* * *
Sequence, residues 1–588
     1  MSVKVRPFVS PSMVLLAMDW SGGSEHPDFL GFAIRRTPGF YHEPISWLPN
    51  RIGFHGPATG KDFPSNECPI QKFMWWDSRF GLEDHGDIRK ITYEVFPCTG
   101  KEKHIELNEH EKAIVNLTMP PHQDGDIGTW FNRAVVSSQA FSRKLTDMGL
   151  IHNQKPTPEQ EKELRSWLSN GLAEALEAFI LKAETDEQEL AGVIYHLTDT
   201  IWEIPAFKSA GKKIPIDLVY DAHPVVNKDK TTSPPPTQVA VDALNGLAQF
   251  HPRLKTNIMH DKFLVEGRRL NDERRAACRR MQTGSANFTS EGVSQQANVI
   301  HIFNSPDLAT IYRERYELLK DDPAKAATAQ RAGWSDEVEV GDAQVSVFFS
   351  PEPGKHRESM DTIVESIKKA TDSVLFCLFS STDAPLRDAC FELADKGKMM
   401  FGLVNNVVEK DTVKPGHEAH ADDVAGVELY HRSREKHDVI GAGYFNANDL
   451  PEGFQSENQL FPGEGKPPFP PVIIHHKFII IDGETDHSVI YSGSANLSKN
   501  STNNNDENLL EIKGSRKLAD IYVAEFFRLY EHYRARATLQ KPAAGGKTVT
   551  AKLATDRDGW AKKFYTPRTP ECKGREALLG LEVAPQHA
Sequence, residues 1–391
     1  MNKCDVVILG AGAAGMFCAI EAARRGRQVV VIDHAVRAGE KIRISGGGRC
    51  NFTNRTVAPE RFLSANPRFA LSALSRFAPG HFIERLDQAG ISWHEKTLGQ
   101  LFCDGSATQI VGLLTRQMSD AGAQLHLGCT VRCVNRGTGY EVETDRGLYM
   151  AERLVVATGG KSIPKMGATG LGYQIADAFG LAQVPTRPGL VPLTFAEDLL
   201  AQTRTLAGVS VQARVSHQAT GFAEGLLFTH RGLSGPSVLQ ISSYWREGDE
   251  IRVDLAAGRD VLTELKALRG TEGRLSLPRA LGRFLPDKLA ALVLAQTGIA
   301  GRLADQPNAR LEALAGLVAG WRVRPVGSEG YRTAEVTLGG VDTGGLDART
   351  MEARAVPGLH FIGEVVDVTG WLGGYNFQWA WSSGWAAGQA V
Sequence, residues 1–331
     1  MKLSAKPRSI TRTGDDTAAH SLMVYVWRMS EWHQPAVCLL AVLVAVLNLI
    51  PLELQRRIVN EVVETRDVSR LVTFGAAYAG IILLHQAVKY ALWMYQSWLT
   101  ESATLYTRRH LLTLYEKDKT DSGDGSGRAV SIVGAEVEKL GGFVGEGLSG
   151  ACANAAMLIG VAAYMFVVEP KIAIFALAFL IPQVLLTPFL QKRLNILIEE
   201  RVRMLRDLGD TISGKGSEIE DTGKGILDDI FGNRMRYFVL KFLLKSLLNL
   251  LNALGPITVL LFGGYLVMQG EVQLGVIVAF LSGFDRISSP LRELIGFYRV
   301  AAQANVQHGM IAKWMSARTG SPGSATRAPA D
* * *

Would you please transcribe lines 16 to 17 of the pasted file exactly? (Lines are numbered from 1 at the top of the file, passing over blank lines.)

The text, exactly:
    51  NFTNRTVAPE RFLSANPRFA LSALSRFAPG HFIERLDQAG ISWHEKTLGQ
   101  LFCDGSATQI VGLLTRQMSD AGAQLHLGCT VRCVNRGTGY EVETDRGLYM